Gabbard took to Twitter to point out that the US already found itself “seconds away” from a nuclear attack during the Cold War in 1962. She said “peace with North Korea requires immediate and direct talks without preconditions.”
The Hawaii Rep., who is an Iraq War veteran, blamed American behavior on the international arena for creating the very preconditions for the current crisis on the Korean Peninsula.
“Regime change war policy is the reason why North Korea sees nuclear weapons as their only deterrent from a US-led attack. Kim Jong-un sees what the US has done to Gaddafi in Libya, Saddam Hussein in Iraq, and the effort underway to decertify the nuclear deal with Iran.”
She said the removal of Gaddafi and Hussein from power was “a mistake” and called on the White House to “end our policy of regime change, and implement a policy of de-escalation and peace.”
“Our leaders have set unrealistic preconditions to negotiate with North Korea for decades. If we set a precondition that Kim Jong-un must get rid of his nuclear weapons, there would be nothing to negotiate. We need to invite North Korea to the table and talk about peace,” Gabbard wrote.
House Armed Services Committee chairman, Mac Thornberry, warned Tuesday that the US administration is extremely serious about evaluating possible military options against Kim's regime. “Symbolic efforts” won’t be enough, he said. He added that the types of military forces to carry out certain tasks as well as logistics of possible military operation is currently being worked through, Tass reported.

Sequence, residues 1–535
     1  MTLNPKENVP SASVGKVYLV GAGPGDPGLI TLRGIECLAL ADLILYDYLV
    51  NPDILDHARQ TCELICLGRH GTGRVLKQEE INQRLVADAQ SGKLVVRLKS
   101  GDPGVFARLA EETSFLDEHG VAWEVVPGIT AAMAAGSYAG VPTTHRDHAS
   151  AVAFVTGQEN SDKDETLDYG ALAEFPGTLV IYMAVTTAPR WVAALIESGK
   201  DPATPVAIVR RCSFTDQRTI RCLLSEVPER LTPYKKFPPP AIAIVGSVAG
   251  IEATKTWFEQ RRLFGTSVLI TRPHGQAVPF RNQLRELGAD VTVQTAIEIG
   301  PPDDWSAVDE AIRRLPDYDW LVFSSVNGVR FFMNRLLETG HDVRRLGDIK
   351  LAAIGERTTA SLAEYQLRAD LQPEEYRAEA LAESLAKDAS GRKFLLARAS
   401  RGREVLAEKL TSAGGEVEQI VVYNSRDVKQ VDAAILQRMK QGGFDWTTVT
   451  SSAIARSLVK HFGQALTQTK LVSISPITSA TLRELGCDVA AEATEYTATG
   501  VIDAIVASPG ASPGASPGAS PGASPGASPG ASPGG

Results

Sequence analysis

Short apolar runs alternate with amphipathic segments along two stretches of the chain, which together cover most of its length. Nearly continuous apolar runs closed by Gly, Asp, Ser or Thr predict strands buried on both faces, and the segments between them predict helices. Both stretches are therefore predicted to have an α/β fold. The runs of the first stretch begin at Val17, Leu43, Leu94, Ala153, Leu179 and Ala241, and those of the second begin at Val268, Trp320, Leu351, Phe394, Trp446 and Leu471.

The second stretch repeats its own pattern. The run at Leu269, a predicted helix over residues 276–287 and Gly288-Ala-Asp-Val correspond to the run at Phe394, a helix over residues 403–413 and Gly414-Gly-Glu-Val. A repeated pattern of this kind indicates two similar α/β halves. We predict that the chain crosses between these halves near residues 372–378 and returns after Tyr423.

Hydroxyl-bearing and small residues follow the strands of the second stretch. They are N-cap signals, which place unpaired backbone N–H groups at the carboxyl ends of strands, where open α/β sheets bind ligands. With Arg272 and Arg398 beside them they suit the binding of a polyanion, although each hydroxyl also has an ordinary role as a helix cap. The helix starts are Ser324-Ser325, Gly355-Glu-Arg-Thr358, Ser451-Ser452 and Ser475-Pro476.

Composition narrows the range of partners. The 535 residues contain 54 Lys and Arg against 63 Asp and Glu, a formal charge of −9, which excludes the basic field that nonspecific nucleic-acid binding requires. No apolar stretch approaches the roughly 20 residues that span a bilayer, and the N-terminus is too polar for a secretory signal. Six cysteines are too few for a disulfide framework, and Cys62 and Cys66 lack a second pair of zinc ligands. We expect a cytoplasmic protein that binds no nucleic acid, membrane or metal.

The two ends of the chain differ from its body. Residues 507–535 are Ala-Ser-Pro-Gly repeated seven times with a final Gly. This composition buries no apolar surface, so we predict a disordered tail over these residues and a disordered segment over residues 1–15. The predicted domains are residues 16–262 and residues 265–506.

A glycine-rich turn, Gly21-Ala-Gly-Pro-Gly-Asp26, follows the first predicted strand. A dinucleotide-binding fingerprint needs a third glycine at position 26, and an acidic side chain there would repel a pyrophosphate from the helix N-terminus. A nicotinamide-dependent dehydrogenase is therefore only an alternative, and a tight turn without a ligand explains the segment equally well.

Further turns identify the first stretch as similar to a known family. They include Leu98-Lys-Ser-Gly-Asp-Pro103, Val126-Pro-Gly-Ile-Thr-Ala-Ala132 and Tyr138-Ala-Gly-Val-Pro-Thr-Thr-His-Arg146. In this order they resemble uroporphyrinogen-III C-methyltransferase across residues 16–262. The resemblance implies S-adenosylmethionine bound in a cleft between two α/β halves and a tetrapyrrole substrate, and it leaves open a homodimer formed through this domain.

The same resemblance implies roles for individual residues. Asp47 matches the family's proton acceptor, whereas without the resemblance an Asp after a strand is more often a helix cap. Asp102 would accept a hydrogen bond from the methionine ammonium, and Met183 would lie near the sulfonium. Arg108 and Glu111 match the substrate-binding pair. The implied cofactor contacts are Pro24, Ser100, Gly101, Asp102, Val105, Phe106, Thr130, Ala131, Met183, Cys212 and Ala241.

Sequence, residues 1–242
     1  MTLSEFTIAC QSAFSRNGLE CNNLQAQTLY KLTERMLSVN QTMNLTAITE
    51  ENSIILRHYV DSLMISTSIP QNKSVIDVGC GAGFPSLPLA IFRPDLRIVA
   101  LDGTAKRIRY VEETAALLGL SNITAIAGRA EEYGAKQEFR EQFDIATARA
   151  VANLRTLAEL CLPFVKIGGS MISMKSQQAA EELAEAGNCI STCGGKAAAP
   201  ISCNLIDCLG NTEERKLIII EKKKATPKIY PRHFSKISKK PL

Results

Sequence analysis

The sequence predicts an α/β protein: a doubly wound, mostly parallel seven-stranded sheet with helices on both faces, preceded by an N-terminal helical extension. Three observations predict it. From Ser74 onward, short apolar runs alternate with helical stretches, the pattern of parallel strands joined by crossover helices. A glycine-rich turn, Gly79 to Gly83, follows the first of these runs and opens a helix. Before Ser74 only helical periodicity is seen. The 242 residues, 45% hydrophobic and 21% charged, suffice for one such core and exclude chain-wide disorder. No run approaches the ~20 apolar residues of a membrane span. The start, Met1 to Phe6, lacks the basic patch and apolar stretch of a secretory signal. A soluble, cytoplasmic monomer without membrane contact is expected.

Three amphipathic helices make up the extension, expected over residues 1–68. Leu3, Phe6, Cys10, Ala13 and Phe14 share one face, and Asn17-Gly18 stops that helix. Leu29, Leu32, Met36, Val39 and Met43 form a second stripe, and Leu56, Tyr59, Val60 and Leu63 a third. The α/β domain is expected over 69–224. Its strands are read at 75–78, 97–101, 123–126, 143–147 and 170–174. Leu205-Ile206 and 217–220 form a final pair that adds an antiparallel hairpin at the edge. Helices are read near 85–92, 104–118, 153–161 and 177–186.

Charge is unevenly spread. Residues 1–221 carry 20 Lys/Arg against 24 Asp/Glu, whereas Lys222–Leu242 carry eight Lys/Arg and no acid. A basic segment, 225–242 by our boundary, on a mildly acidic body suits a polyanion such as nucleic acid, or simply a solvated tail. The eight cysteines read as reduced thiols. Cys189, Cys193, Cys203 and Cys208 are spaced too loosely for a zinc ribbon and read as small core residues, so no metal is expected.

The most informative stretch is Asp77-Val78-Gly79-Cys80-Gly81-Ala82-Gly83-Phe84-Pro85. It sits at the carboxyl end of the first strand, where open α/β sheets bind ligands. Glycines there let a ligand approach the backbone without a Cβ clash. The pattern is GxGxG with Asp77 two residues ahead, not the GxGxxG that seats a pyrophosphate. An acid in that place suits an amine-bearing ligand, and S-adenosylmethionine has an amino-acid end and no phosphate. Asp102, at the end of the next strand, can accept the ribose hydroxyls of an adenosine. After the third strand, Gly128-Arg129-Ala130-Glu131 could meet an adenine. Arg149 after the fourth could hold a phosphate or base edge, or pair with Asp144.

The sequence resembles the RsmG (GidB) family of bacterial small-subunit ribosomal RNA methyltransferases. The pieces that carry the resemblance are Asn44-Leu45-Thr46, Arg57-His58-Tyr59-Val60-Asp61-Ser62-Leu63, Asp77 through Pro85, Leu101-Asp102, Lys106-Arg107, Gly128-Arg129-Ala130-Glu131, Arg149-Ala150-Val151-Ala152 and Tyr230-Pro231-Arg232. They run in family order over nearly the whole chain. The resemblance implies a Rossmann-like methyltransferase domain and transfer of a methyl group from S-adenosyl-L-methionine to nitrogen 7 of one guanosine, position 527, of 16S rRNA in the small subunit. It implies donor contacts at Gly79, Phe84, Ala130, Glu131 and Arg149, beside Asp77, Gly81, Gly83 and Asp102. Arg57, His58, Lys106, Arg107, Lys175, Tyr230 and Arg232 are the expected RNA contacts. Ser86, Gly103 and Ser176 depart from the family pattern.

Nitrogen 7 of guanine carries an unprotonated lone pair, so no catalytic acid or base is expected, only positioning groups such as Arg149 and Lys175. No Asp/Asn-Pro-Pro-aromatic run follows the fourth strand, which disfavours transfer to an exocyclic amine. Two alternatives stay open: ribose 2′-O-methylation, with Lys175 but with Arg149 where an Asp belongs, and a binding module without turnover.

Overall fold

Donald Trump and other officials from his administration has repeatedly threatened to use force against North Korea to force it to abandon its nuclear program and stop its ballistic missile tests. Also on Tuesday, US Secretary of State, Rex Tillerson, urged a “maximum pressure” campaign against the North and called on the nations in the region to put more effort into curtailing the illegal trade, which allows Pyongyang to bypass sanctions.
Tillerson was speaking at a meeting of 20 nations in Vancouver, Canada (January 15-17) aimed at finding a solution to the current crisis on the peninsula. Diplomats from Denmark, Greece, Norway, New Zealand and other countries are participating, but the gathering notably lacked input from the two major regional players – Russia and China.
The summit was ridiculed in Moscow and Beijing, with Russian Foreign Minister, Sergey Lavrov, saying: “I don’t expect anything productive. Hopefully, nothing counterproductive will happen.” Moscow and Beijing were also merely promised to be briefed on the results.
China’s Foreign Ministry spokesman, Lu Kang, noted the format of the meeting, without key negotiators Russia and China, “will only create divisions within the international community and harm joint efforts to appropriately resolve the Korean peninsula nuclear issue.”
Russia and China have repeatedly urged all the parties involved in the Korean crisis to refrain from hostile moves and rhetoric and to engage in meaningful dialogue. Moscow and Beijing have further proposed the so-called “double freeze” plan, which envisaged Pyongyang suspending its nuclear and missile programs in exchange for the US and its allies halting military exercises in the region. During the Vancouver meeting, the US once again rebuffed the proposal.